The eventual defeat of the plague and the movement from centre stage of religious art combined, however, to produce the sudden demise of Sebastian. And yet he remained in the cultural subconscious to be called upon by such diverse figures as Corot, embellishing his soft trees and colours with a religious motif; Redon, Kokoschka, Moreau and Schiele finding in Sebastian an expressionist symbol.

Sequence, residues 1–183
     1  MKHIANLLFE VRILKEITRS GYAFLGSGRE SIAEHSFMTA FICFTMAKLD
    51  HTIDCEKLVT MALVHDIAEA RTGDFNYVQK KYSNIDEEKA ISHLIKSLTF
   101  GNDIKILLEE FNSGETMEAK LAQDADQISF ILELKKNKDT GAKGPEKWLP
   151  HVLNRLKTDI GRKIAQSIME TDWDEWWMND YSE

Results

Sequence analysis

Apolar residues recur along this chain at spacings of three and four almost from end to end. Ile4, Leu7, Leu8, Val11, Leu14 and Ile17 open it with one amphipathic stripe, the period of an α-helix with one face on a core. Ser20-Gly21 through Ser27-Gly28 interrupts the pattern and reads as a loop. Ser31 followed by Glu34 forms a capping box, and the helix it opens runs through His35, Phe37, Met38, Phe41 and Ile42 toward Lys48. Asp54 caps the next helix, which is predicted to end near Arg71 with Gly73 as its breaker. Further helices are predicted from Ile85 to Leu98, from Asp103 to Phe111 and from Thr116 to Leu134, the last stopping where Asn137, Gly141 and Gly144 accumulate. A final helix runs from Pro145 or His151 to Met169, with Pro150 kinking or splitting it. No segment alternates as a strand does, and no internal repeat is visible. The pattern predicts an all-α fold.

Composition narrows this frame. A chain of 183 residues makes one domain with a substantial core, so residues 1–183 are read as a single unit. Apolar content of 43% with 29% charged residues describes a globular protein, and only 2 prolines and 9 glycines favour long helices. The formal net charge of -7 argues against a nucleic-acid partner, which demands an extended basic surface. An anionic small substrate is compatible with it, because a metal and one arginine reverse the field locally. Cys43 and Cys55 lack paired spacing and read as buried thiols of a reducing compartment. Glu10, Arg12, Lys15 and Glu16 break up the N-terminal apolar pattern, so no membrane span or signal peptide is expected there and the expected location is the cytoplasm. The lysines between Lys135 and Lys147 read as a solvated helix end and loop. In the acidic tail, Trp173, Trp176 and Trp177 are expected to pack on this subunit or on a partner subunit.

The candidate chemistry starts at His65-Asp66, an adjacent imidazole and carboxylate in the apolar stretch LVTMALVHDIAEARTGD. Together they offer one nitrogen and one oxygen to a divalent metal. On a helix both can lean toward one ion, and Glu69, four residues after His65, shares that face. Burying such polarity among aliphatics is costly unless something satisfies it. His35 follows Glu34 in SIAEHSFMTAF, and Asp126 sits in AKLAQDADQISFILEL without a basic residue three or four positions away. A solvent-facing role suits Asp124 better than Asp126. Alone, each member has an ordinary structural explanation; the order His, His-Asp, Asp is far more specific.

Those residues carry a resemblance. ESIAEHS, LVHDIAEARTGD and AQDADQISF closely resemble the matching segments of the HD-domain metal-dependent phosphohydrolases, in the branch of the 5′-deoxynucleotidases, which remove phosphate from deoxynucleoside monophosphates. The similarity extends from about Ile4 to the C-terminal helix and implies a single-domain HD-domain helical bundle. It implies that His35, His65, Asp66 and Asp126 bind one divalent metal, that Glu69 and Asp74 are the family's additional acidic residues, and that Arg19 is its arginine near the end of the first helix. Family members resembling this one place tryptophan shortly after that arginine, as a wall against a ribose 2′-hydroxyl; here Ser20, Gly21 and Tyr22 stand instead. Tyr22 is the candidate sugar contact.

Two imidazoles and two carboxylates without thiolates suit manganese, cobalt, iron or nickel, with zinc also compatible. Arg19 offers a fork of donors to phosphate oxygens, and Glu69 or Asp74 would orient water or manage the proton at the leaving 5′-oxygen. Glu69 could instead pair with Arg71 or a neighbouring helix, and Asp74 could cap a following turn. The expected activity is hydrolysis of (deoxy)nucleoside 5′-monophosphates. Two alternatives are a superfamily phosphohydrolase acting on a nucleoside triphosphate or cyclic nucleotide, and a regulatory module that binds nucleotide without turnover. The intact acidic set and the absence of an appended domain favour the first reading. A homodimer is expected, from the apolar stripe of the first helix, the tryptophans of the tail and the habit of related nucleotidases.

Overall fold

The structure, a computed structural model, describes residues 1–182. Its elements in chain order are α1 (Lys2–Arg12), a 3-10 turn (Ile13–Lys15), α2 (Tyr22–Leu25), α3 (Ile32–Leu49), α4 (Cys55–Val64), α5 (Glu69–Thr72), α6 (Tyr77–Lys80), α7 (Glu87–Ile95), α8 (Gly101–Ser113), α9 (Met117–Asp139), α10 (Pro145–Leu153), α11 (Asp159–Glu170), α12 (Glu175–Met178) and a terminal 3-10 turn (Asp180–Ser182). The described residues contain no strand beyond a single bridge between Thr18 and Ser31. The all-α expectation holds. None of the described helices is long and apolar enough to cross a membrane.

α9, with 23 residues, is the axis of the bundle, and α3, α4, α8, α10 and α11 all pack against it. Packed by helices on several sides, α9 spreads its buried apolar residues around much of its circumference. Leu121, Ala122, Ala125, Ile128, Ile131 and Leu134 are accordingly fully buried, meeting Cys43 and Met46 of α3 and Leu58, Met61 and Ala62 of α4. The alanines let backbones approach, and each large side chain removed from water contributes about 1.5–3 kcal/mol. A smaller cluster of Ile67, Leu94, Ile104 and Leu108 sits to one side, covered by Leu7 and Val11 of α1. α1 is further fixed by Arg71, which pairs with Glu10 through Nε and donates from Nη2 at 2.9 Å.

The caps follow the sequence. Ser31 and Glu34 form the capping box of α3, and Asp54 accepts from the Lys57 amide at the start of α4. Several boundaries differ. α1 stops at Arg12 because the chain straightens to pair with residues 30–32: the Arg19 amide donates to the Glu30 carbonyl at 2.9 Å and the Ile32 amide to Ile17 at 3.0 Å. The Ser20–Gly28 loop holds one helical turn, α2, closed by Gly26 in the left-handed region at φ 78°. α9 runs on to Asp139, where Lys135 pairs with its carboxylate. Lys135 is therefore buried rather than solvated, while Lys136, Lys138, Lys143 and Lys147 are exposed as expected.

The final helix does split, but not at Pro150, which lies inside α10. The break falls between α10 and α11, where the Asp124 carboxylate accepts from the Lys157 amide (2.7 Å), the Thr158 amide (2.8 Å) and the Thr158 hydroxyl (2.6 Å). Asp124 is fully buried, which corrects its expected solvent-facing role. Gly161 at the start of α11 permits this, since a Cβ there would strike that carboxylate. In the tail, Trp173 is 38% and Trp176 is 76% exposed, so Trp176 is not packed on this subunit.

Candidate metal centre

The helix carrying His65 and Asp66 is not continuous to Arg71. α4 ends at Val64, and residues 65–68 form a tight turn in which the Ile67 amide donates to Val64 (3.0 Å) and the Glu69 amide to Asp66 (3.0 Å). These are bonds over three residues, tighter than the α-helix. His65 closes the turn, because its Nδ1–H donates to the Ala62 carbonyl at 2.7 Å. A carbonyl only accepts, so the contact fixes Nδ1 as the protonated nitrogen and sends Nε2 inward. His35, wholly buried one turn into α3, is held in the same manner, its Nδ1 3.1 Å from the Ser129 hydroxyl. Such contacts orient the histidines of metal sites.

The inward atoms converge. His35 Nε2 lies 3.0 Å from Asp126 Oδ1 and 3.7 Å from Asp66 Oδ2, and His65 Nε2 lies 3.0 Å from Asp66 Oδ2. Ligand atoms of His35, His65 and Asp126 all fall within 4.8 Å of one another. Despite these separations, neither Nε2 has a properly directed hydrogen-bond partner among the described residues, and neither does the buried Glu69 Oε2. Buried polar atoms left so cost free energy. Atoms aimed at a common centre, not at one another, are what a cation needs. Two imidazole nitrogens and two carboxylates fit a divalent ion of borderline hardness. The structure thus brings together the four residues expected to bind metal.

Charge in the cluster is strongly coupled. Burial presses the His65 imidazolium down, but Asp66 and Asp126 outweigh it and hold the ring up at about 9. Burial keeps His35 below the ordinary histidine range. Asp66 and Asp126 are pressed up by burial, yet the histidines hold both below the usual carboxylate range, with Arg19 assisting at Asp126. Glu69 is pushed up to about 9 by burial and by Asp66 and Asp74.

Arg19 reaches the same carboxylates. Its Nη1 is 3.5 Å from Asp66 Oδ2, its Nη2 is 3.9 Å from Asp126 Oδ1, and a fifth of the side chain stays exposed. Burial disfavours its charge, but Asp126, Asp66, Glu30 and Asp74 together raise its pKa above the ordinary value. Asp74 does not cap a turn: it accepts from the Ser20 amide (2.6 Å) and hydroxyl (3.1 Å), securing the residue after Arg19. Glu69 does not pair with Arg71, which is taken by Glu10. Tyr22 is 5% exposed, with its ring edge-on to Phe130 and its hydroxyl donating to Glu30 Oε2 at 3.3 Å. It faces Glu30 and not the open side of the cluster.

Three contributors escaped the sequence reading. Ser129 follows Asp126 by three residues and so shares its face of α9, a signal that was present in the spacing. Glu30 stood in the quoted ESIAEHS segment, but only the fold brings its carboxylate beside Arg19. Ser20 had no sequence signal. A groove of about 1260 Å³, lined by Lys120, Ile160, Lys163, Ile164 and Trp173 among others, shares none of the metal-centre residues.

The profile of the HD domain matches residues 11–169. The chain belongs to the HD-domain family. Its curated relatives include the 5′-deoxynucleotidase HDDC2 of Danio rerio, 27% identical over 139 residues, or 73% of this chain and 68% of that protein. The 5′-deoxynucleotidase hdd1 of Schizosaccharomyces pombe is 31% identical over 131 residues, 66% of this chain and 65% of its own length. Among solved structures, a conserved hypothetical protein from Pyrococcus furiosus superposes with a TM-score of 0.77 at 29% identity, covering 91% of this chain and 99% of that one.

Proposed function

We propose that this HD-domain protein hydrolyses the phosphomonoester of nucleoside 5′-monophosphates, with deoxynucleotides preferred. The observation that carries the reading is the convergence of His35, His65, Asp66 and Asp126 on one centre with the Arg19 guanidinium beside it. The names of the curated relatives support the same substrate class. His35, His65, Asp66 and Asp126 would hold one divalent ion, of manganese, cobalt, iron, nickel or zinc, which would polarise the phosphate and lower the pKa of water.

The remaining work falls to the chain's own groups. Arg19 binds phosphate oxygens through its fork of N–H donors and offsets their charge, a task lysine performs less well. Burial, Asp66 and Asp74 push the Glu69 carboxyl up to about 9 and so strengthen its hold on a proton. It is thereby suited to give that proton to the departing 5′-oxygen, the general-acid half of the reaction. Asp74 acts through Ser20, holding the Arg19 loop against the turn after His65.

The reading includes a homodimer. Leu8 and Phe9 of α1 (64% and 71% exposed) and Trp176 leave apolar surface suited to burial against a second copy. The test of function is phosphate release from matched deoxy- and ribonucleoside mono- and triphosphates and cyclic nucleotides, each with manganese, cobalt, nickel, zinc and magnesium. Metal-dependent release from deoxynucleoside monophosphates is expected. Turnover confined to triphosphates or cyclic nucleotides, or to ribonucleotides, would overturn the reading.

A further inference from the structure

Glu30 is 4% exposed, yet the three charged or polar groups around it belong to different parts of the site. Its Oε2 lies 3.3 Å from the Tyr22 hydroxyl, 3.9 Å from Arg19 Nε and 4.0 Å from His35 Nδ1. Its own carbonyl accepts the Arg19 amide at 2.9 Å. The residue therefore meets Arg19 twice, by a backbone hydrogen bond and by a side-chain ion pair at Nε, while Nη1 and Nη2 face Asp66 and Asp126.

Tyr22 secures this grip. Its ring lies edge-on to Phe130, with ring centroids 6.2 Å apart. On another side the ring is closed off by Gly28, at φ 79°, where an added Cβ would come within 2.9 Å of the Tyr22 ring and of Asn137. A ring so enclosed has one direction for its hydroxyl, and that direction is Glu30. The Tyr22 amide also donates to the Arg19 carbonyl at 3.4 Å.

The iconography of Sebastian includes the usual attribute of a Christian saint, the halo. More specifically he has the attributes of a Christian martyr, in early works a small cross and in later works the martyr's palm (derived from the victor's palm, carried in military triumphs in the ancient world) and the victor's crown. The crown may have the form of a laurel wreath, alluding to the laurel wreath of Apollo and of victors in battle. More specifically, Sebastian has the attributes of a Christian soldier ‒ a sword and the garb of a roman soldier. In addition to these general attributes of the saint, the martyr and the soldier, Sebastian has very specific symbols. In first place is the arrow, sometimes with the addition of a quiver or a bow. He may be pierced by arrows or may hold his attribute or present it to the virgin, or an angel may hold his arrow. There may also be a pillar or a tree to which he is tied, linking him visually to the flagellation and later crucifixion of Christ. The pillar is one of the symbols of the Passion and Christ was crucified on the 'the tree of the cross'. The wounds and shed blood of Sebastian also link him visually to Christ. Sometimes the image of a pieta is adapted to show Sebastian succoured by Irene and other virtuous women. And yet paganism is lurking again. The arrow is not only a symbol of Christian ecstasy but also from ancient times has been not only an attribute of Apollo and a bringer of plague but also a phallic symbol and a symbol of pagan love. The tree is likewise a visual link not only to Christ but also to Maryas. The pillar associates Sebastian not only with ancient Rome but also ancient Greece. Sebastian is often paired with other plague saints, particularly Saint Roch, but also … Less often he is accompanied by other medical or physician saints such as Saint Anthony and Saints Cosmas and Damian.